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From Jan Lehnardt <...@apache.org>
Subject Re: Minimally Viable Plugins
Date Fri, 02 Aug 2013 21:17:13 GMT
And a few more (from COUCHDB-1867):

- Add uninstall, incl. Futon UI.
- Only install a plugin if the source and target CouchDB version matches.
- Rebase against master.

* * *

This concludes my list for a Minimally Viable Plugin feature. (See the
original email or README.md* for the roadmap)

I’d appreciate some more reviews & feedback**, but other than that, I’d be
happy to ship this as an experimental feature in any next release.

* https://github.com/janl/couchdb/blob/1867-feature-plugins/src/couch_plugins/README.md#roadmap
** https://github.com/janl/couchdb/compare/apache:master...1867-feature-plugins


Best
Jan
--

On Aug 1, 2013, at 19:34 , Jan Lehnardt <jan@apache.org> wrote:

> A few updates:
> 
> By Bob Ippolito / @etrepum:
> - Plugins are now installed in libdir (instead of /tmp).
> - Config loading is now done with proper .ini files.
> - Various cleanups and code review (Thanks!).
> 
> Mine (most suggested by Bob):
> - `plugins.html` now shows you if a plugin is already installed.
>   and which version, if it doesn’t match the installable one.
> - The Install button now disables after an installation.
> - Plugins are now registered with couch_config as
>   /_config/plugins/name = version
> - Updated `couch-config` to print --erlang-version and --erl-bin
> - Updated the geocouch plugin to use the new options in
>   `couch-config`.
> - Added Bob Ippolito’s couchperuser plugin to Futon.
> 
> 
> Best
> Jan
> -- 
> 
> 
> 
> On Jul 31, 2013, at 19:07 , Jan Lehnardt <jan@apache.org> wrote:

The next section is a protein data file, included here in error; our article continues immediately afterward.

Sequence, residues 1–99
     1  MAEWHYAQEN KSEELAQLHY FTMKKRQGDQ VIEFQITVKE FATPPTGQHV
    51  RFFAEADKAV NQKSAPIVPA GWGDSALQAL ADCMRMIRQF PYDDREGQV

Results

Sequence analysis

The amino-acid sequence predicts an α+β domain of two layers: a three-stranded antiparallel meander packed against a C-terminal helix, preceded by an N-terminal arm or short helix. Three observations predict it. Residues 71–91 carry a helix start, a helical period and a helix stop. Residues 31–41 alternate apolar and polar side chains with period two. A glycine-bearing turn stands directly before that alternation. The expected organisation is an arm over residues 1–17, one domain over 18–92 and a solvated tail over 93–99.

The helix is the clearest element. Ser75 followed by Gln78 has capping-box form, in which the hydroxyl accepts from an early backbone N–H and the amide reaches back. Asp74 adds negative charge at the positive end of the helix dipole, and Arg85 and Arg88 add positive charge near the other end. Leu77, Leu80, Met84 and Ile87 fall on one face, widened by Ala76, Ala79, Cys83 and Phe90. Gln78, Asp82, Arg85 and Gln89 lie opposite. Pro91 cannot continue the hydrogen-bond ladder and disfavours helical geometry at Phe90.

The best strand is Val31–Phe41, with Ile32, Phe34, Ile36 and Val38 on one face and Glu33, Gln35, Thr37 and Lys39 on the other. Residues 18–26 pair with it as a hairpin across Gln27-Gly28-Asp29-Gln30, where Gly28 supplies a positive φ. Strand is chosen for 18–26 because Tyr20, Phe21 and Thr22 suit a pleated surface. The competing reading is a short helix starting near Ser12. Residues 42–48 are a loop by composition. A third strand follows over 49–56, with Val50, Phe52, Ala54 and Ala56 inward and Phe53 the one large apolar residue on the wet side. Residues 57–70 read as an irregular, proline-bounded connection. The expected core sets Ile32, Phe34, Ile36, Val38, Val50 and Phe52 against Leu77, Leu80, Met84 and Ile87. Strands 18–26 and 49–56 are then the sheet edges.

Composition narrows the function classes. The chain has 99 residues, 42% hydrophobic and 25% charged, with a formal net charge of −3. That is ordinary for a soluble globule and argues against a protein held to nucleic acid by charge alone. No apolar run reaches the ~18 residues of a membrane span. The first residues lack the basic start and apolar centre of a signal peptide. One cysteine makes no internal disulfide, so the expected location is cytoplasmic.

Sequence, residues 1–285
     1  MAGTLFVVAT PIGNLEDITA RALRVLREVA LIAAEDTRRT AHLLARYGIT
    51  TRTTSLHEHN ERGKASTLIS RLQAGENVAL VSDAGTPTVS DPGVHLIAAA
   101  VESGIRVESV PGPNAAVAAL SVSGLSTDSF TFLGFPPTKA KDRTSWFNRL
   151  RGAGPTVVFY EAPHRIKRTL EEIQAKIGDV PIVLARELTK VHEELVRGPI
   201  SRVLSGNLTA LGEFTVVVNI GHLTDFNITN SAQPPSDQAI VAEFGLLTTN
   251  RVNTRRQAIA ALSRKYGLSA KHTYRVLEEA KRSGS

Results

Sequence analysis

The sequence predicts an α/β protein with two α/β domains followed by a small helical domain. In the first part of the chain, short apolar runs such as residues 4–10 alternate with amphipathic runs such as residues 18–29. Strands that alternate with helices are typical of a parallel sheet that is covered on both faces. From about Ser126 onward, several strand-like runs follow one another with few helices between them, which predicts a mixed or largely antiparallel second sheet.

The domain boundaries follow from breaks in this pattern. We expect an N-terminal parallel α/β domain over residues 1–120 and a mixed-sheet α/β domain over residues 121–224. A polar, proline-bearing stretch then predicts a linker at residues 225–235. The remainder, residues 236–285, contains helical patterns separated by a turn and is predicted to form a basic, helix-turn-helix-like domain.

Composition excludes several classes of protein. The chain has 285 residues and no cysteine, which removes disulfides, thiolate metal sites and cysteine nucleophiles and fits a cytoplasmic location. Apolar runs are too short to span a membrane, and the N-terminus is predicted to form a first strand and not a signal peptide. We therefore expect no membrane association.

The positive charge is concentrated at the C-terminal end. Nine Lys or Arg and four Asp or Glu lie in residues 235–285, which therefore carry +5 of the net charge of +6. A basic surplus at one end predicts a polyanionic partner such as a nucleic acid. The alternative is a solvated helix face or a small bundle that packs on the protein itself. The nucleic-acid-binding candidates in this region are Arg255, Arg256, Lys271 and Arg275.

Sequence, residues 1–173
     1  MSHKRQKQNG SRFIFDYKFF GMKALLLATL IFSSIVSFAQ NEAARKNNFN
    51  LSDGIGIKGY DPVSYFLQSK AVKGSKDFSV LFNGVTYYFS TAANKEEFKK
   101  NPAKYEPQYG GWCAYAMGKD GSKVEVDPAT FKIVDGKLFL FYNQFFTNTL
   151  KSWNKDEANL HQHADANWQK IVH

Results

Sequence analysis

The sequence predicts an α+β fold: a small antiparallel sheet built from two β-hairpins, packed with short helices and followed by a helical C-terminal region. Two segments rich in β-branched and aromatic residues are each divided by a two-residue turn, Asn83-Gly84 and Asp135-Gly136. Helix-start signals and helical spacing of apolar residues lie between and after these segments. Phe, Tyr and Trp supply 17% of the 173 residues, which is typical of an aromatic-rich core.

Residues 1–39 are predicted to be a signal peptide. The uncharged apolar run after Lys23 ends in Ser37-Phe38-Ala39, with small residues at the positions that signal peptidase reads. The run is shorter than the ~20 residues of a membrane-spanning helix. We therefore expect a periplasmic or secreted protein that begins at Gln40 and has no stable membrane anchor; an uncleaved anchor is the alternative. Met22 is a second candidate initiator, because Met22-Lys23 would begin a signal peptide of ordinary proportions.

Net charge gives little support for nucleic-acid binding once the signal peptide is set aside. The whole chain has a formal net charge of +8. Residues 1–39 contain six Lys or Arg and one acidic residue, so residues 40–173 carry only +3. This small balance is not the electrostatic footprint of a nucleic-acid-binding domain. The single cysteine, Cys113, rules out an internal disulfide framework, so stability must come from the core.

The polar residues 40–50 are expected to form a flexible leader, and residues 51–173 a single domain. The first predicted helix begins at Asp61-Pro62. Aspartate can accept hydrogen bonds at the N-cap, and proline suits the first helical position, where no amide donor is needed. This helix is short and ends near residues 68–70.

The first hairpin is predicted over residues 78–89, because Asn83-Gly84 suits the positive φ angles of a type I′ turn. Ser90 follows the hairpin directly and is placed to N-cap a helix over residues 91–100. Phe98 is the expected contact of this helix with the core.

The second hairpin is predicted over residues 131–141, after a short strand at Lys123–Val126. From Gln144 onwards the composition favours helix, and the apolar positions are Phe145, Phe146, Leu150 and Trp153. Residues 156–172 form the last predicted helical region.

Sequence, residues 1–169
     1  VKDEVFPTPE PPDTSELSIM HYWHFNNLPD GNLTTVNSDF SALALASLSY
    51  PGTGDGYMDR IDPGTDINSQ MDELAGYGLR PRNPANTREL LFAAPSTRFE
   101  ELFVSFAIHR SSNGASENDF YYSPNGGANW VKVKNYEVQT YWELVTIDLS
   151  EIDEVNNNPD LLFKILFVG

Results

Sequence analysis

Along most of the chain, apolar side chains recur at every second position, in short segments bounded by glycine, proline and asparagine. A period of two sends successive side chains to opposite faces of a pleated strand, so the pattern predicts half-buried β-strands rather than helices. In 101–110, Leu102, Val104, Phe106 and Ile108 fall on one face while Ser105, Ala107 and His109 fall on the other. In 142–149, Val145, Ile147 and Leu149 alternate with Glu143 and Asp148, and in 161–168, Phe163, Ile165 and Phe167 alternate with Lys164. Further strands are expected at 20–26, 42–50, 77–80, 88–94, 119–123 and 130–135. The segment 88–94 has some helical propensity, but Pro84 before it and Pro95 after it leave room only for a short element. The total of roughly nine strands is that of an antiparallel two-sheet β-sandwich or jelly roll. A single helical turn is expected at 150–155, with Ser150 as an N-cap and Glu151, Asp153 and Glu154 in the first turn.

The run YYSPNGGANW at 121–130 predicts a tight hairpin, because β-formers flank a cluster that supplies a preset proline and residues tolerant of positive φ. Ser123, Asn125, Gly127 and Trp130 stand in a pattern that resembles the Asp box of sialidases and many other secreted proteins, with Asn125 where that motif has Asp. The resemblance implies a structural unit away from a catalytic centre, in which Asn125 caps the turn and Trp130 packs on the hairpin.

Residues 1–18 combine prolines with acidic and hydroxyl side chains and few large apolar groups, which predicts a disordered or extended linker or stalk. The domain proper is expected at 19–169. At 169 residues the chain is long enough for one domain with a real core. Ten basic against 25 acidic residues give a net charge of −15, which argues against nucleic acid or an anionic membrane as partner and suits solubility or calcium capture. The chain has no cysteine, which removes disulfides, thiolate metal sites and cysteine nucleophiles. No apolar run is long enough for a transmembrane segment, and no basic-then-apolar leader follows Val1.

> 
>> Heya,
>> 
>> I couldn’t help myself thinking about plugin stuff and ended up
>> whipping up a proof of concept.
>> 
>> Here’s a <1 minute demo video:
>> 
>> https://dl.dropboxusercontent.com/u/82149/couchdb-plugins-demo.mov
>> 
>> Alternative encoding:
>> 
>> https://dl.dropboxusercontent.com/u/82149/couchdb-plugins-demo.m4v)
>> 
>> 
>> In my head the whole plugin idea is a very wide area, but I was so
>> intrigued by the idea of getting something running with a click on a
>> button in Futon. So I looked for a minimally viable plugin system.
>> 
>> 
>> ## Design principles
>> 
>> It took me a day to put this all together and this was only possible
>> because I took a lot of shortcuts. I believe they are all viable for a
>> first iteration of a plugins system:
>> 
>> 1. Install with one click on a button in Futon (or HTTP call)
>> 2. Only pure Erlang plugins are allowed.
>> 3. The plugin author must provide a binary package for each Erlang (and,
>>  later, each CouchDB version).
>> 4. Complete trust-based system. You trust me to not do any nasty things
>>  when you click on the install button. No crypto, no nothing. Only
>>  people who can commit to Futon can release new versions of plugins.
>> 5. Minimal user-friendlyness: won’t install plugins that don’t match 
>>  the current Erlang version, gives semi-sensible error messages
>>  (wrapped in a HTTP 500 response :)
>> 6. Require a pretty strict format for binary releases.
>> 
>> 
>> ## Roadmap
>> 
>> Here’s a list of things this first iterations does and doesn’t do:
>> 
>> - Pure Erlang plugins only. No C-dependencies, no JavaScript, no nothing.
>> - No C-dependencies.
>> - Install a plugin via Futon (or HTTP call). Admin only.
>> - A hardcoded list of plugins in Futon.
>> - Loads a pre-packaged, pre-compiled .tar.gz file from a URL.
>> - Only installs if Erlang version matches.
>> - No security checking of binaries.
>> - No identity checking of binaries.
>> 
>> Here are a few things I want to add before I call it MVP*:
>> 
>> - Uninstall a plugin via Futon (or HTTP call). Admin only.
>> - Only installs if CouchDB version matches.
>> - Binaries must be published on *.apache.org.
>> - Register installed plugins in the config system.
>> - Make sure plugins start with the next restart of CouchDB.
>> - Show when a particular plugin is installed.
>> 
>> *MVP hopefully means you agree we can ship this with a few warnings
>> so people can get a hang of it.
>> 
>> Here is a rough list of features squared against future milestones:
>>